The state argued in a July report that this wasn’t a primary driver of nursing home-related deaths, noting that the peak in deaths at nursing homes (the line on the chart below) preceded the point at which the most coronavirus-positive patients were returning to those facilities (the columns). This doesn’t prove that no deaths resulted from those readmissions, though that report also noted that the facilities to which those patients were referred already had known coronavirus infections.

Kim, whose uncle probably died of covid-19 at a nursing home in April, told the New York Post that an apology DeRosa made on a call with legislators sounded “like they admitted that they were trying to dodge having any incriminating evidence that might put the administration or the [Health Department] in further trouble with the Department of Justice.” In his call with the assemblyman, Kim told the New York Times, Cuomo pressed him to retract the quote on the grounds that he had misheard DeRosa.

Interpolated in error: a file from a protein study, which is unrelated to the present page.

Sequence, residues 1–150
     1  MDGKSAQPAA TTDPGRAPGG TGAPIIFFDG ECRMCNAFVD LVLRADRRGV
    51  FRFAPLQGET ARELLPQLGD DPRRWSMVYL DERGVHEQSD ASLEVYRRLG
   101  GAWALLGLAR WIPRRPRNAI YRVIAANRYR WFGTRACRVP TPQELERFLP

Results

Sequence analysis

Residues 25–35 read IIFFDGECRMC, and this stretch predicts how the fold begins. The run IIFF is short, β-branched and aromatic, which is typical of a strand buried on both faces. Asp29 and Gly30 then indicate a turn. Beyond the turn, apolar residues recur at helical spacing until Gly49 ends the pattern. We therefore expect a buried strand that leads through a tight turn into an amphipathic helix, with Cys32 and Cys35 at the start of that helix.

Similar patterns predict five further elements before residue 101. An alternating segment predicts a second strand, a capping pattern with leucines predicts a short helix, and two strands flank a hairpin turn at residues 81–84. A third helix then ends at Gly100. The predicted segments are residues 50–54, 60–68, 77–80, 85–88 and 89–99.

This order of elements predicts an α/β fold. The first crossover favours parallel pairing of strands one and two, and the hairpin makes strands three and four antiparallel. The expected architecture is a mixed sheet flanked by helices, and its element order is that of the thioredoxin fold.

The timeline is important here. State legislators first sought nursing home death data from state administrators in early August. On Aug. 26, the Justice Department, then run by Attorney General William P. Barr, demanded data on deaths as part of a probe of several Democratic-run states — a demand quickly chalked up to President Donald Trump’s looming reelection bid. By that point, New York largely had the pandemic under control.

In late September, though, Cuomo made a claim to reporters that undercuts the idea that the data was simply being withheld out of an abundance of concern about the federal probe.

A reporter from Finger Lakes News Radio asked Cuomo at a briefing what he would say to New Yorkers who had lost family members following the March advisory. Cuomo, predictably, rejected the question as “just factually wrong.”

Then he defended the state’s handling of nursing home infections broadly.